There is no limit to the Howard Government’s chutzpah on climate
change. After years of attempting, with some success, to water down the
Kyoto Protocol it has recently taken to attacking it for not going far
enough. And while saying ratification of the Protocol would cause
enormous economic damage to Australia, it also claims that we will meet
our target anyway!
The Asia Pacific Partnership is an initiative by the Bush
Administration and the Howard Government to deflect escalating
international hostility at their refusal to play a role in global
efforts to tackle the biggest challenge facing humanity in the 21st
century. The fact that the Partnership is more window-dressing than a
serious approach to cutting greenhouse pollution is starkly apparent in
the economic modelling of the impacts of yesterday’s agreement
commissioned by the Government.
The modelling was carried out by the Australian Bureau of Agriculture
and Resource Economics (ABARE), whose previous work on climate change
was the subject of sharp criticism by the Commonwealth Ombudsman after
it was revealed that it was funded by major oil and coal companies.
ABARE has learned its lesson, after a fashion. Instead of hiding its
funding sources, it lists in the appendix to its latest work a number
of fossil fuel majors that have provided financial support, including
Exxon, Chevron Texaco, Rio Tinto and the Minerals Council of Australia.
According to ABARE’s most optimistic forecasts, the Asia Pacific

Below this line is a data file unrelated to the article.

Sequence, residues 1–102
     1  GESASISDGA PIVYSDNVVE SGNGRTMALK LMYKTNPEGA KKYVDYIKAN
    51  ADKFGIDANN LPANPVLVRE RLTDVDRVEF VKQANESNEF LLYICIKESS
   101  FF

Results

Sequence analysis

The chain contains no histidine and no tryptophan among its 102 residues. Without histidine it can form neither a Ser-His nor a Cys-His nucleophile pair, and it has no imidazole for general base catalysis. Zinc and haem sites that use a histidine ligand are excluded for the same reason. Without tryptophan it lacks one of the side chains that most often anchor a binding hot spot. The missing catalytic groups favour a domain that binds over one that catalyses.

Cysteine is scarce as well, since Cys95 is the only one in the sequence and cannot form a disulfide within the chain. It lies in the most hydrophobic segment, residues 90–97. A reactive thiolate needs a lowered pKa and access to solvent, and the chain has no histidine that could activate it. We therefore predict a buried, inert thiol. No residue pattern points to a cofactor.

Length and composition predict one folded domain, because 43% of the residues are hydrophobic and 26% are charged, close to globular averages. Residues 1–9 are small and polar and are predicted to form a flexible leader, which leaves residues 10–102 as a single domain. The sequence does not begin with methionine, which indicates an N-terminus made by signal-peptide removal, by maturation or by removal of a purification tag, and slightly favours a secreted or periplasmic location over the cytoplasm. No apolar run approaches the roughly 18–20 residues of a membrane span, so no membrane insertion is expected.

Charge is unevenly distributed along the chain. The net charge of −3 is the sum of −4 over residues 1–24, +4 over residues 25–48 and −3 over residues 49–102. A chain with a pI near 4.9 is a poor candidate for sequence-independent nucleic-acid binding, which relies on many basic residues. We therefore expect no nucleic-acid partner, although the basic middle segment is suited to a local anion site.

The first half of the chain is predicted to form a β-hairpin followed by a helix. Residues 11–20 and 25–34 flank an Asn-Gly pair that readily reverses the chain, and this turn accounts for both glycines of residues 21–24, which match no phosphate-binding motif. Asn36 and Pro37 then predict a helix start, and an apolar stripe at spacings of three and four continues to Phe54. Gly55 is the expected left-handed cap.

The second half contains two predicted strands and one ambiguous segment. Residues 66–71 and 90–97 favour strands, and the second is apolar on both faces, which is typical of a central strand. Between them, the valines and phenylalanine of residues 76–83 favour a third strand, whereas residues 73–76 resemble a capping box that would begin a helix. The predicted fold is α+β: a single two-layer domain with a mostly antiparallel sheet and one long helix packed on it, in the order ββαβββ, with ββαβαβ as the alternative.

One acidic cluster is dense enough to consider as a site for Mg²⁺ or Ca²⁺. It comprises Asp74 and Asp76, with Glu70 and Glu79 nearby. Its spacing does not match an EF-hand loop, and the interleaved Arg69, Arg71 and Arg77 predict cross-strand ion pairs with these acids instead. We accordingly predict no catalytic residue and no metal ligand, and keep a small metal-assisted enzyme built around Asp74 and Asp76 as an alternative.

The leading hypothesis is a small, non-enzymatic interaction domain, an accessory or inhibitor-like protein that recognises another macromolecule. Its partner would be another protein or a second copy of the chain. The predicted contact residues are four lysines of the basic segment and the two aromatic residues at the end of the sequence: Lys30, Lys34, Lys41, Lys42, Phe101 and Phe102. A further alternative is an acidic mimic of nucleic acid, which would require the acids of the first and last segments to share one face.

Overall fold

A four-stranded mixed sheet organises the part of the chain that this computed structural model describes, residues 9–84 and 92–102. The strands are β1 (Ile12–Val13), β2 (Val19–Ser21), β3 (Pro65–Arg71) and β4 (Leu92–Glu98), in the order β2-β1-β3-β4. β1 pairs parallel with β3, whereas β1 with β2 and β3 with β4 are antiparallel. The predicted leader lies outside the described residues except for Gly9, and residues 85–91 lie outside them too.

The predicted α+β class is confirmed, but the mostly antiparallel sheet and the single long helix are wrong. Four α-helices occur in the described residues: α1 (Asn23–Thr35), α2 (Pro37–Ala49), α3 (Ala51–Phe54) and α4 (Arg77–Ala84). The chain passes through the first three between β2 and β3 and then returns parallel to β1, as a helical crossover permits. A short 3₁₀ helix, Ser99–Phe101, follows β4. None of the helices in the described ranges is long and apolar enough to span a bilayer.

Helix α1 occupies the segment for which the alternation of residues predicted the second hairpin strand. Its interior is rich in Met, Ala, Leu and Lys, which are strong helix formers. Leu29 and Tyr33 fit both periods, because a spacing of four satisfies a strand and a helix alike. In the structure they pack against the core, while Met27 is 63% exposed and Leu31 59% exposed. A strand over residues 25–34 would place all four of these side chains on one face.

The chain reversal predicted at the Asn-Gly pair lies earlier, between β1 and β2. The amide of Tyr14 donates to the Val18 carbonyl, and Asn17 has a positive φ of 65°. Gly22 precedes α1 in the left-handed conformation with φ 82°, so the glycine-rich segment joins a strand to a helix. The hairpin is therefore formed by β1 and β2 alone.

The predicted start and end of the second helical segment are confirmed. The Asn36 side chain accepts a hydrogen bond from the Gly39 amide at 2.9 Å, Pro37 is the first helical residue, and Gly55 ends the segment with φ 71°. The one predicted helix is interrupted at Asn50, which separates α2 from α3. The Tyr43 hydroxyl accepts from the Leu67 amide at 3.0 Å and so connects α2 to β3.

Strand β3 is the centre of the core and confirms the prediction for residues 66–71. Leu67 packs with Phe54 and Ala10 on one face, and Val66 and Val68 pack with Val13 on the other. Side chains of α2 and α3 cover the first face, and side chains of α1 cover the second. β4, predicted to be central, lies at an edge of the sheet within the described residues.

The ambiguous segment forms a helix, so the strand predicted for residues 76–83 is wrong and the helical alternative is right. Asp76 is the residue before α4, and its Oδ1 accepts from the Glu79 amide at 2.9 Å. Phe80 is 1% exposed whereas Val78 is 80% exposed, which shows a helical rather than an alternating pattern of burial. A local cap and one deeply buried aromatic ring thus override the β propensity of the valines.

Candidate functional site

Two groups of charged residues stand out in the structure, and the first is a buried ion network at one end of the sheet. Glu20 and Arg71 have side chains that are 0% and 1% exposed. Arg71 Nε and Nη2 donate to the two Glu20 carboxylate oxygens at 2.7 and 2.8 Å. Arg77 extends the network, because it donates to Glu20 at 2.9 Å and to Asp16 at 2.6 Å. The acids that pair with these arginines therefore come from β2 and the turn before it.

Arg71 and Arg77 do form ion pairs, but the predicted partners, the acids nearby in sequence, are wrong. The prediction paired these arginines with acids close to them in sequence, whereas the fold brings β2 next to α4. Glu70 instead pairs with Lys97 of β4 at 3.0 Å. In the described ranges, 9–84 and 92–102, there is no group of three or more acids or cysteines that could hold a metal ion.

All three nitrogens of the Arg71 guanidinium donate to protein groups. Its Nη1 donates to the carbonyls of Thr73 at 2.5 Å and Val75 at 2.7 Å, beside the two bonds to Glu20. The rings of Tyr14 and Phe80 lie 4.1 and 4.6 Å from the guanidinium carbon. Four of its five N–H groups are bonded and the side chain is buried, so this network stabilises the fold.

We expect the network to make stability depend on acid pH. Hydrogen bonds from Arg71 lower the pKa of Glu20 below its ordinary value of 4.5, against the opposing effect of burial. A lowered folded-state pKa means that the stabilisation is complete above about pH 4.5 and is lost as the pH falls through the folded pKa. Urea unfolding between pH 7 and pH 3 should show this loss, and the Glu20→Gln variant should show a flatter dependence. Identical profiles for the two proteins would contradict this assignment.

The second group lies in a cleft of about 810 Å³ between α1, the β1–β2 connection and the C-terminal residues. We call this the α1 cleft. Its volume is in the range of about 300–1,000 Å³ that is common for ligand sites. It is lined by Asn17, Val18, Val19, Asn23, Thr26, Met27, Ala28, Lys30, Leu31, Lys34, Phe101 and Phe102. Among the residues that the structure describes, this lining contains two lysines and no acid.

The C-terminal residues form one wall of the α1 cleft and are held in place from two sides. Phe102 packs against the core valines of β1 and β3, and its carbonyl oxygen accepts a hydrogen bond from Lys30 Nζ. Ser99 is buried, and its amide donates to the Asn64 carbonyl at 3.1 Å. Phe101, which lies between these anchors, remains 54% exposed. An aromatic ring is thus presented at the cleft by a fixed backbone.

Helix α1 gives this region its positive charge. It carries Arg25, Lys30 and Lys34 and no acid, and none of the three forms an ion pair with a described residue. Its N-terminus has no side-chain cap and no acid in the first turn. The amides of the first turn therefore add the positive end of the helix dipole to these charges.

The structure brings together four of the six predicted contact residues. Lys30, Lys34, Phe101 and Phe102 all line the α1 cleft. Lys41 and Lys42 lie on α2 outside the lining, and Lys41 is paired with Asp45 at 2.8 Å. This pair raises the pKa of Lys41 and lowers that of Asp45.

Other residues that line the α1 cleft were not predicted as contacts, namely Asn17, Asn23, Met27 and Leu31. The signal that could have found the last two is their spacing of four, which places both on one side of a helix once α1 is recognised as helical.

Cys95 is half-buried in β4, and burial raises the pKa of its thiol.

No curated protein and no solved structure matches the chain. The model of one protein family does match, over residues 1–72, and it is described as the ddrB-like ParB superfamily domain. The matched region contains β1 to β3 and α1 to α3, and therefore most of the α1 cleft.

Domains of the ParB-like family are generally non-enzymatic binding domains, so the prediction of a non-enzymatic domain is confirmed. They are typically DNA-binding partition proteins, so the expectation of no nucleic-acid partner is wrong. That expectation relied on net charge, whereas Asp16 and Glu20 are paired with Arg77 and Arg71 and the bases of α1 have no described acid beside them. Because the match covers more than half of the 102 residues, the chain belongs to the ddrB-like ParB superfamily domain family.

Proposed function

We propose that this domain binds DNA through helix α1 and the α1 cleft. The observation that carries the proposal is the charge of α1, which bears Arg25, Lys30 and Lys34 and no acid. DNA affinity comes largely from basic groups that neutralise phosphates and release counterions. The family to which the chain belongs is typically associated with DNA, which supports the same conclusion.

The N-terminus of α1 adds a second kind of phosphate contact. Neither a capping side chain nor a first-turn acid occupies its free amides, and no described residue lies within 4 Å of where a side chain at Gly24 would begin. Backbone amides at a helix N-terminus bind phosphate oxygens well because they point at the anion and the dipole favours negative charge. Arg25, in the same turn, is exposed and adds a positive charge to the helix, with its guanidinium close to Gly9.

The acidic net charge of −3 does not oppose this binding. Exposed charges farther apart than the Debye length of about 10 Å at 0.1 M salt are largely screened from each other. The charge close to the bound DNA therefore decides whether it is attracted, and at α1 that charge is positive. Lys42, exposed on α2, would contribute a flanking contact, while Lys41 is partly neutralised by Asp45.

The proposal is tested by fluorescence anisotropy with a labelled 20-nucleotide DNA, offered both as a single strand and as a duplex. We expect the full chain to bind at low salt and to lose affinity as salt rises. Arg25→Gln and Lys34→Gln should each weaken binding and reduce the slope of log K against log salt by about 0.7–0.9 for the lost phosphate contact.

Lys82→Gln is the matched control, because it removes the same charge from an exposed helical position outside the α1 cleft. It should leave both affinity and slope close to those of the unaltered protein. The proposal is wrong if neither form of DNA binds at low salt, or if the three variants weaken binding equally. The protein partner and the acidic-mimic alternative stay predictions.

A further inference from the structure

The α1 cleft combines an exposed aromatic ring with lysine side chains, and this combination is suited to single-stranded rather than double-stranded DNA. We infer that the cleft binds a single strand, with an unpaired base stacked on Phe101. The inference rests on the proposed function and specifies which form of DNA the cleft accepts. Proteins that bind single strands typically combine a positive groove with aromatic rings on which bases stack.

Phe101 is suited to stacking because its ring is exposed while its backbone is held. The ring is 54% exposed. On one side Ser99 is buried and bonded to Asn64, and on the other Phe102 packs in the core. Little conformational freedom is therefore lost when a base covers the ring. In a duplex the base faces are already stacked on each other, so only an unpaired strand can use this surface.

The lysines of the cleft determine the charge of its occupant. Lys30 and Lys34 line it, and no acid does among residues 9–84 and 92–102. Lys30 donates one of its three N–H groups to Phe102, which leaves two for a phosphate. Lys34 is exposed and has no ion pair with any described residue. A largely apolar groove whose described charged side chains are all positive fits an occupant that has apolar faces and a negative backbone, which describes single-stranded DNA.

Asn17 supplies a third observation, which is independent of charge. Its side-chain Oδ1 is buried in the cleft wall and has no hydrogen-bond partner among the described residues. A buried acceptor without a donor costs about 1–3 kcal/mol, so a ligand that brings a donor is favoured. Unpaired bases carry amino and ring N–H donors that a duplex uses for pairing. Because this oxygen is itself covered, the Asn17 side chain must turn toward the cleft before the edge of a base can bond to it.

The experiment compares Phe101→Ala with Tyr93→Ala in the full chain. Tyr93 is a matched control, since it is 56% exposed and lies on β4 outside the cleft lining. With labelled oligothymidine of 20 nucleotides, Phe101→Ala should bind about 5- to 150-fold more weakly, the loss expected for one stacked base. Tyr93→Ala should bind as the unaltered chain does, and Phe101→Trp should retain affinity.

Partnership will see global greenhouse pollution more than double by
the middle of the century.
This is despite Environment Minister Ian Campbell declaring last month:
“Science tells us we will need a 50 to 60% reduction in global
greenhouse gas emissions within the next 50 years or so.”
The ABARE modelling – which the Prime Minister referred to admiringly
in his speech to the meeting – shows that under the best-case scenario,
annual global emissions will increase from approximately 8 gigatonnes
(thousand million tonnes) of carbon equivalent now to over 17
gigatonnes in 2050.
The consensus among climate scientists is that annual emissions must be
reduced to around 3 gigatonnes to prevent the worst effects of global
warming. Fourteen thousand million tonnes of carbon have gone missing
in the Government’s calculations. But we can be sure that we will all
feel the effects of them in coming decades.
The Government has criticised the Kyoto Protocol for not going far
enough, yet its own answer will have no appreciable effect. The AP6
agreement will do virtually nothing to protect the world from the worst
impacts of climate change, a grotesque political failing whose
magnitude is highlighted by recent news that 2005 was the hottest year
on record. The CSIRO has projected that we can expect a trebling of the
frequency of the sort of scorcher we had on New Year’s Day – when it
reached 44 degrees in Sydney and close to that in Melbourne.
According to the ABARE modelling, AP6 will not begin to reduce the
growth in emissions until around 2020, blithely assuming that we have
another couple of decades to wait until measures kick in. In the
meantime, real cuts in greenhouse pollution using existing technology
under the Kyoto Protocol are occurring now in Europe, Japan and the
developing world. The A$100 million for the AP6 announced by the Howard
Government is a piddling amount by any measure, especially compared to
the sums going into clean energy under the Kyoto Protocol.
The Asia Pacific Partnership is really an exercise in blame shifting.
Instead of taking responsibility for Australia’s skyrocketing
emissions, the Howard Government is claiming that it is up to industry
to do what is needed. The Howard Government still doesn’t get it.